Apart from this, the insulin was too big and clunky, with many users finding it difficult to manage.

However, later, the FDA was concerned that Exubera might cause lung problems, including cancer.

Inhaled Insulin Available Today 

In June 2014, the FDA approved Afrezza, again an inhaled insulin. This is an inhaler that comes with pre-measured rapid-acting insulin doses.

You use this type of insulin before meals. Afrezza starts working faster than many injected insulins, but there are limited doses available. This can make it difficult for some individuals that are not consistent with their everyday meals.

The convenience of this type of inhaled insulin can be encouraging for many users and can provide some relief from constant needle sticks.

So, with limited options, will there ever be an alternative and optimized delivery method for insulin?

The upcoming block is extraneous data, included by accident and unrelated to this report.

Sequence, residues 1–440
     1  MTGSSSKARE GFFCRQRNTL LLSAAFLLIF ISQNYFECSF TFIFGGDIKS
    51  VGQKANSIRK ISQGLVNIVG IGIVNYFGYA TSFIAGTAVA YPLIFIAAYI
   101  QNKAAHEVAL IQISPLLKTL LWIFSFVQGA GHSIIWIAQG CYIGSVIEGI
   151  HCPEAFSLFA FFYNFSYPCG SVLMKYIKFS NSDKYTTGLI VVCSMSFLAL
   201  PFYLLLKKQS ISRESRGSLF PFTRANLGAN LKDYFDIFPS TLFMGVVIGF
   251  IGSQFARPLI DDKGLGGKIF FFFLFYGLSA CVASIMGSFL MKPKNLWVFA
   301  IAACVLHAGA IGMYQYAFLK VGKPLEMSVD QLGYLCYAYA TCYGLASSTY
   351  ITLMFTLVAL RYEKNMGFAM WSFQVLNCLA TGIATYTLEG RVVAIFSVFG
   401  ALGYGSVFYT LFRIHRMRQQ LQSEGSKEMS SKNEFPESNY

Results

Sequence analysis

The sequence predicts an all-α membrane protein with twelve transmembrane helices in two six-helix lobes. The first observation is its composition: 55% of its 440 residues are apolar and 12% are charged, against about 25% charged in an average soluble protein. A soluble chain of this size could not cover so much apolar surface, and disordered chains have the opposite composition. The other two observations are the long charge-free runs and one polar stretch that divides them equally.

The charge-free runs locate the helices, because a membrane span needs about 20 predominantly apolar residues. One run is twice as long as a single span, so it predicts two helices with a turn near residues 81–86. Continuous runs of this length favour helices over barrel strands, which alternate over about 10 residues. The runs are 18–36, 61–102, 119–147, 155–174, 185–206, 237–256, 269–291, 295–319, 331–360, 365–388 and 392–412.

Future Possibilities to Take Insulin Orally

An MIT-led research team has so far managed to develop a drug capsule that is believed to help deliver oral doses of insulin (i.e., helps in taking insulin orally).

This has the potential to replace the need for patients to take injectable insulins every day. The capsule is about the size of a blueberry and contains a small needle, which is made of compressed insulin.

After orally taking the capsule, and it reaches the stomach, the insulin is then injected.

Animal tests show that this capsule can deliver enough insulin to match the efficacy in lowering blood sugar levels as those by injections given through skin.

Not only that, but the device can also be adapted to deliver other protein drugs.

Also see our article on the different types of insulin.

Conclusion

For now, it seems that those with diabetes may need to wait for a while longer before a more comfortable way of treating diabetes emerges. For more questions and advice about treating your condition appropriately, consult your healthcare provider.

If you’re having trouble affording any of your medications, then Prescription Hope may be able to help. Enroll with us and see if you qualify to pay only $50 a month for each of your medications.